The second point of concern is that Mehbooba Mufti has apparently been complicit in propping up the separatists in the valley even when it had become clear that the Hurriyat leadership was completely sold out to the Pak ISI and that the Jamaat-Islami chieftain Syed Shah Gilani and his fronts - Hizbul Mujahideen and Dukhtaran-e-Millat -had totally surrendered to Lashkar-e-Toiba’s leader Hafiz Sayeed. The earlier claim of the Jamaat of being an indigenous organisation of the valley turned out to be a falsehood and Mehbooba Mufti who knew this all along, chose to uphold Gilani and other separatist colleagues of his for her selfish political interest. The PDP-BJP coalition had envisaged a dialogue with 'all internal stake holders’ including the Hurriyat to build consensus within the state for resolution of all its outstanding issues but the Centre had to justifiably refuse any truck with the Hurriyat leadership when the latter emerged as a stake holder of Pakistan not India. The chief minister not only defied the Centre’s security policy but went ahead to join the chorus of the separatists against the counter- terror operations of the Army. She even deprecated action taken by the law & order authorities to put down Pak -sponsored stone pelting on security forces. The ultimate result is that J&K, which had shown an improvement last year seems to be on the path of decline of governance and Pakistan is taking full advantage of this situation. Mehbooba Mufti’s conduct was sending out a wrong signal to the world community on Kashmir.
The course correction in this regard warrants that senior officers of trusted ability are posted at the apex of the state administration and the Police. It should be re-emphasised by the state government that while the Army will concentrate on counter- terrorism operations against alien terrorists and their close collaborators in the state, all civilian law & order situations including the violence by stone pelting mobs would be put down by J&K Police with direct support of Para Military forces made available to the state. These forces have all the arms and skills to handle a civil disturbance. The protocol of Magisterial Enquiry into any casualty in a situation of mob control by civilian law& order authorities was in place. However, as far as Army is concerned it has the justifiable protection under AFSPA and even without AFPSA had the benefit of the law of the land that gave the Soldiers the right to save their lives in an unprovoked attack on them by miscreants who used rocks as fatal missiles. In such a situation even ordinary citizens had the right to put down the attackers with force. An 'investigation' in such an event must be directed against the miscreants. Further, mass release of stone pelters should happen only after the ‘masterminds’ behind the anarchy had been identified and detained for legal action.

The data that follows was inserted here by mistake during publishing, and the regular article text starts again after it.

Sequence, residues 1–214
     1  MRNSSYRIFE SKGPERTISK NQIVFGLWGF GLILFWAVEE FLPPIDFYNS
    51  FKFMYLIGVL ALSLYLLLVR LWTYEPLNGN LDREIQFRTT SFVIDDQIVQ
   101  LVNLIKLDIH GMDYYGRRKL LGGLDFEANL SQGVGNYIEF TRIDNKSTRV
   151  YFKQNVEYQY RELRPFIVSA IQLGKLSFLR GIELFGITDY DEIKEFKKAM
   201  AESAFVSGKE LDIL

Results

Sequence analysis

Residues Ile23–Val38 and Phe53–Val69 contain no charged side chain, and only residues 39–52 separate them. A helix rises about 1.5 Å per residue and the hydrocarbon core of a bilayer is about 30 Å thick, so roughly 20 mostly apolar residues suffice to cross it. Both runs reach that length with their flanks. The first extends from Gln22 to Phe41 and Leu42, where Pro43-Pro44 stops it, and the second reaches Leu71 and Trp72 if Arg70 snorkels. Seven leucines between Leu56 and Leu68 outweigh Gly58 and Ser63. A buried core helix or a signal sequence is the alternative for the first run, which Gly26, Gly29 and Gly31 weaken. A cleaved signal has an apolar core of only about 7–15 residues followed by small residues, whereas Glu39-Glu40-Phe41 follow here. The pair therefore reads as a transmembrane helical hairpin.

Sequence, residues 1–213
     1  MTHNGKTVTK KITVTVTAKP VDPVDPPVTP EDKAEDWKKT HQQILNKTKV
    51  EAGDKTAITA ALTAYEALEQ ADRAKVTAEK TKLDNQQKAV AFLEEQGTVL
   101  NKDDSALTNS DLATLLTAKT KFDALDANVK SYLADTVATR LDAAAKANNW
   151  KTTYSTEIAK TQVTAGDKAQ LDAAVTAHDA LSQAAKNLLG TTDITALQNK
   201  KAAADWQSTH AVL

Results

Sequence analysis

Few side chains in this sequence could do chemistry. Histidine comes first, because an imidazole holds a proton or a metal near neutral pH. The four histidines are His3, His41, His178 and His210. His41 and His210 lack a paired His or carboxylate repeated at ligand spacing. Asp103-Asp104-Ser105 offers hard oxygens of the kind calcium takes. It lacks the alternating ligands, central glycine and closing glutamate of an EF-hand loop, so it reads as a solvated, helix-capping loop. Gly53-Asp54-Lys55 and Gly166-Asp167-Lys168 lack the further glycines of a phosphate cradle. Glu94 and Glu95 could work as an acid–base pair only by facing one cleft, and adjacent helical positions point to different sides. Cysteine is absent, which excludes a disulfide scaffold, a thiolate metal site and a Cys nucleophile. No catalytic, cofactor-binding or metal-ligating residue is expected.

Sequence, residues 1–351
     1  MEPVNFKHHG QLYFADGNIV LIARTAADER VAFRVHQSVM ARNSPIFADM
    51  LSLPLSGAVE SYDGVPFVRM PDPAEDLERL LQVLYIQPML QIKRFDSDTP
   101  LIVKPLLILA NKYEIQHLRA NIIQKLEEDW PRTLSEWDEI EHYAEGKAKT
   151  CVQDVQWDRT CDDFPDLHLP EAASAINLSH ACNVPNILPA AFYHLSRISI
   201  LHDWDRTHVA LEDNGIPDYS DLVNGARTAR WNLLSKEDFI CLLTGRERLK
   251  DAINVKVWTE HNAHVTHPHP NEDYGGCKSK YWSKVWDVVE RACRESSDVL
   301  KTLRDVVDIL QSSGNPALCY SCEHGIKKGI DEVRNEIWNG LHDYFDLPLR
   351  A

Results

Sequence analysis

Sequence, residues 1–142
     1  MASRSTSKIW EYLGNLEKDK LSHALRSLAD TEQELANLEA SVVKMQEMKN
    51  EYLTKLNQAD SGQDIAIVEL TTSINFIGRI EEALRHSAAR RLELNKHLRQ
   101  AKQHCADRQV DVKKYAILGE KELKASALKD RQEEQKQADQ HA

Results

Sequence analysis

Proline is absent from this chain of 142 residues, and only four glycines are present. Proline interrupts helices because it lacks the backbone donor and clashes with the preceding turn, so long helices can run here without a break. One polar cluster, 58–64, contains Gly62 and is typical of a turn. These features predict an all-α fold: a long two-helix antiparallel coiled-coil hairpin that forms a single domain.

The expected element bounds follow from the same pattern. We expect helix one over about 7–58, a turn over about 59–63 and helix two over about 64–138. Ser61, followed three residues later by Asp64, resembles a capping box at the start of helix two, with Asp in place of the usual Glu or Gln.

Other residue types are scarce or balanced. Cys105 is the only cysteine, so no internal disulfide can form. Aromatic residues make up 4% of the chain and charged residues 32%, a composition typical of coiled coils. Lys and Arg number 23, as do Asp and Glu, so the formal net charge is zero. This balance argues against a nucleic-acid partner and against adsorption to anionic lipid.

Lastly, what has gone wrong in J&K is that the Centre’s Kashmir policy which is inextricably linked with India’s approach to Pakistan has been allowed by the Chief Minister to become a captive of separatists and Pak proxies who were propagating that ‘all Kashmiris had turned against India’. Mehbooba Mufti is surrendering to Pak-sponsored terrorism by advocating unconditional resumption of talks and thus causing embarrassment to India. The chief minister must come forward to make a clear statement that J&K was an integral part of India and that the effort of Pakistan to use terror as an instrument of its India policy would be met with strong counter measures.
The matter of having talks with Pakistan on Kashmir is exclusively in the domain of the Centre and the agenda and the timing for any resumption of dialogue will be decided by the latter. In an absurd stand responsible-looking politicians in the opposition had last year suggested that talks with Pakistan were the only solution of the disturbances created by stone pelters. They were quietened only when NIA established that paid agents of Hurriyat and pro-Pak goons were behind the stone pelting episodes. It is essential that anti-national elements are legally pursued with vigour and detained outside the state if necessary. J&K needs an active governor who would, within his constitutional orbit, help the state government in the areas of peace, security and development. He should be a person of experience, maturity and an in-depth knowledge of the faith-militancy that Pakistan is fostering in the state to achieve its aim.
(The writer is the former director of Intelligence Bureau)